In recent years, operational resilience in organizations worldwide has been tested and re-tested by a global pandemic, major supply chain disruptions, the war in Ukraine, and the ever-increasing threats of cyberattacks – to name just a few unprecedented, not to mention simultaneous, situations. These disruptions served as a wake-up call for many organizations and regulators alike and have proven that operational resilience is no longer a “nice to have” but a “need to have.” 

Regulators in most leading jurisdictions are taking operational resilience very seriously and are increasingly cracking down on organizations that fail to meet the minimum requirements. Recent regulatory actions make it clear: operational resilience must remain a priority for everyone – especially for those in the financial services sector. 

Regulatory Snapshot

Regulators across the globe are taking prescriptive action to ensure that critical infrastructure sectors, including financial services, can continue to operate when disruption strikes. The UK took the global lead on operational resilience regulations for financial services firms when the Bank of England (BoE), Prudential Regulation Authority (PRA), and Financial Conduct Authority (FCA) defined a framework and set a firm deadline for compliance: by 2025, financial services organizations will need to implement all aspects of operational resilience requirements so they can continue to deliver important business services to their customer and market within defined impact tolerances in the event of a disruption. 

Following the UK’s regulation, additional countries also began enacting similar laws. For instance, in Hong Kong, the Hong Kong Monetary Authority (HKMA) finalized the Banking Capital Amendment Rules 2022 (BCAR 2022), which require authorized institutions to deploy an operational resilience framework and determine a timeline to become resilient before May 31, 2023, and subsequently enact the framework to become operationally resilient before May 31, 2026.

Other countries that are working to strengthen financial services sector operational resilience include Ireland, Singapore, Australia/New Zealand, the U.S., the EU, and Canada. Additional related regulations, such as the Digital Operational Resilience Act (DORA) in the EU which extends the demonstration of resilience to entities’ third- to nth-party relationships, have also been agreed on and actioned. 

Achieve Compliance and Resilience

Considering these evolving regulations, financial institutions with global operations must remain compliant in numerous jurisdictions – but jurisdiction-based program silos are not sustainable. The culture shift required for true operational resilience includes removing a siloed approach, which often delivers duplicative and disjointed efforts. A proactive and holistic approach across the whole of an organization that considers all local regulations can ensure compliance while fostering a true culture of resilience. In other words, operational resilience should not be a one-time box-tick exercise that is completed just to satisfy regulators – instead, it should be a continuous journey.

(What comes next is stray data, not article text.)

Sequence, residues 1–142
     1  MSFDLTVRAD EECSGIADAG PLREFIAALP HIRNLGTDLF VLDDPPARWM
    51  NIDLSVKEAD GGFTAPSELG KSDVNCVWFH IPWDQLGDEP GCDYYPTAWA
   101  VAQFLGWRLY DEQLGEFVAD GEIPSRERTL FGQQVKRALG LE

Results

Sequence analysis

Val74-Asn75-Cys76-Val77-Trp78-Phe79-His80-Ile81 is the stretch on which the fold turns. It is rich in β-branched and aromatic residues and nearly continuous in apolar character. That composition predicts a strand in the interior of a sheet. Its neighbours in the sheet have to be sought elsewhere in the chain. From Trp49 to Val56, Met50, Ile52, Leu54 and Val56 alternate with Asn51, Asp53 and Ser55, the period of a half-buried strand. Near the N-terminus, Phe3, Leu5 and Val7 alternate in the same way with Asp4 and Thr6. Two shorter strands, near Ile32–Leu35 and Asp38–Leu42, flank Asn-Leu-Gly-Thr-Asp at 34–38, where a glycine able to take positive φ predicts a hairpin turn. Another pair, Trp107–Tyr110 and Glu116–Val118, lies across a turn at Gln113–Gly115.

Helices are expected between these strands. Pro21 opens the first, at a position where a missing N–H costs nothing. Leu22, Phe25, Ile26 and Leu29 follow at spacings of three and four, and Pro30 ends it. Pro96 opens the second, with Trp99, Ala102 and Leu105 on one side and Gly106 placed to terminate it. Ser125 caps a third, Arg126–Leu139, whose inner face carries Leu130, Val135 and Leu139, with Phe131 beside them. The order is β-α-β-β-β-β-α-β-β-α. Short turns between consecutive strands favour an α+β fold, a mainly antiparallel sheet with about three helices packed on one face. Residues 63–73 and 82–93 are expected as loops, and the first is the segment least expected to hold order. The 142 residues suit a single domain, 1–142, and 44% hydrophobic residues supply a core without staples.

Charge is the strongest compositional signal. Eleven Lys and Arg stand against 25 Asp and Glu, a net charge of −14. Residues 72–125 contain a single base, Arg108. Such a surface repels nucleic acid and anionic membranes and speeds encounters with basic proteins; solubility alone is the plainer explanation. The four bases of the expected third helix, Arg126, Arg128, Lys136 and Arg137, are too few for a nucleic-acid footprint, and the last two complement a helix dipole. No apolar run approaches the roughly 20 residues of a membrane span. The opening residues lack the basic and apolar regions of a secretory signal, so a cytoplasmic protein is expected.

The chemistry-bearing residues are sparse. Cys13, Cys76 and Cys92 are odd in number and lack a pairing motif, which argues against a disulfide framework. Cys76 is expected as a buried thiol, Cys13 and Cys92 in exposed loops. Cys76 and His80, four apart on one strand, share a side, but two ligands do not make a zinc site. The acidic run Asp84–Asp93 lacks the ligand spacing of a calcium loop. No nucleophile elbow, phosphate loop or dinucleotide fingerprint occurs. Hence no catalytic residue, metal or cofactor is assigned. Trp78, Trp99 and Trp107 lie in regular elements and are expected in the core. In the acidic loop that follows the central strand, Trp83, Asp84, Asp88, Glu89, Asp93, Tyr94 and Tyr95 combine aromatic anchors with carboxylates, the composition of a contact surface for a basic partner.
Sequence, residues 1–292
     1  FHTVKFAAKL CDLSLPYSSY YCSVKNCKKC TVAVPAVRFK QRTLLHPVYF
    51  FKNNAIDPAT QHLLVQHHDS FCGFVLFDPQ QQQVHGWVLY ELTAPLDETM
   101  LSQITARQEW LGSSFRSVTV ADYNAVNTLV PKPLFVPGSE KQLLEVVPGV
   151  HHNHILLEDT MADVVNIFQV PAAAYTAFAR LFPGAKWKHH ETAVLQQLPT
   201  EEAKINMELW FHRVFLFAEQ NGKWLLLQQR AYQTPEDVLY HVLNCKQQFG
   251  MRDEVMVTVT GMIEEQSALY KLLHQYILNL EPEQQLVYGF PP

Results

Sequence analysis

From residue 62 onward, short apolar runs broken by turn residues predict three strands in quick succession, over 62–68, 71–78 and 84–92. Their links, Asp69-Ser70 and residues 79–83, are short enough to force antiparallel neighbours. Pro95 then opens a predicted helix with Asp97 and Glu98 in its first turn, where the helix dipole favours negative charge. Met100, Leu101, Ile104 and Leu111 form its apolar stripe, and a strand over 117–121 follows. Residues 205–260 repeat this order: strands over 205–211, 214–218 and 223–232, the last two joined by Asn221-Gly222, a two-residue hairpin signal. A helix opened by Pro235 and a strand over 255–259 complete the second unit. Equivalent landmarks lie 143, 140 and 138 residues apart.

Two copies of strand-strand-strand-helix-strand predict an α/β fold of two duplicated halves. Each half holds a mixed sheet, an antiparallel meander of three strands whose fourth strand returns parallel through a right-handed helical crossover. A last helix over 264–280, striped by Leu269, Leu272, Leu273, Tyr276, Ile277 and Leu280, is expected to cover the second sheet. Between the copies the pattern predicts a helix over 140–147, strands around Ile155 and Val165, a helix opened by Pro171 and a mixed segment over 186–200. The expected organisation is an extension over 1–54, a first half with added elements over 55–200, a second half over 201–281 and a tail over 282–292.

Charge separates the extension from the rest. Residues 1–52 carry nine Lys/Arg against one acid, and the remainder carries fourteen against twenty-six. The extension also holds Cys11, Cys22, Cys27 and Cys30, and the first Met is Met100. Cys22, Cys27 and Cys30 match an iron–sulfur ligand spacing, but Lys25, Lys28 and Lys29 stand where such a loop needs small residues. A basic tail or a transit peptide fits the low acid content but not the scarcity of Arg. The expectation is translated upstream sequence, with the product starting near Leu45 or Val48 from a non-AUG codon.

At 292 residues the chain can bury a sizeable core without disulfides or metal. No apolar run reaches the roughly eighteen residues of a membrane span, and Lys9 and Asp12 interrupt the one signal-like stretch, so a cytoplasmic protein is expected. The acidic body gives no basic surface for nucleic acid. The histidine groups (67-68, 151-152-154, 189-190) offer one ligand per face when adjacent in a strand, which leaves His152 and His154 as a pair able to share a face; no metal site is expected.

Technology is a critical enabler that helps organizations achieve compliance and also build a culture of resilience across the institution. Often, key risk disciplines that make up resilience are managed in siloed platforms that require substantial long-term investment with minimum integrations. Although these solutions can serve a specific role within the risk function, they are not fit for broader operational resilience compliance programs or the overall vision of the entire organization. Organizations should look to bring together siloed measures through technology tools that can connect and integrate data to provide a high-level overview of resilience across the organization. Connecting critical data points, rather than replacing existing systems, can best position a financial institution to remain compliant while also achieving resilience and remaining flexible enough to address unforeseen disruptions in a timely manner.

Looking Ahead 2023 and Beyond

This year and beyond, regulators will expect firms to achieve and demonstrate operational resilience through a full picture of their business operations with a focus on important business services and associated data sets. Also going forward, organizations will need to take a serious approach to resilience. This includes defining critical business services and breaking down silos to aggregate data and meet regulatory deadlines.

As the world emerges from the pandemic state to newly normalized business processes, organizations must remain vigilant, mature their thinking around resilience, and understand how to anticipate, prepare for, respond to, and learn from supply chain disruptions, cyberattacks, data breaches, and other imminent threats – but this is no longer just a matter of being able to deliver on your brand promise through disruption. It is also now an issue of compliance – and regulators are watching. Keeping your business in business through changeable times, while also demonstrating resilience and delivering on regulatory requirements, has never been more important.


Rich Cooper

Rich Cooper, who has more than 20 years of experience in the industry, is global head of financial service go-to-market at Fusion Risk Management. He oversees the development and execution of Fusion’s business strategy serving the financial market worldwide. Cooper’s professional experience has included leading practices in the US and Europe across the critical disciplines of operational resilience, cybersecurity, non-financial risk management, risk data and infrastructure, crisis management, disaster recovery, business continuity, program governance, and operating model innovation.

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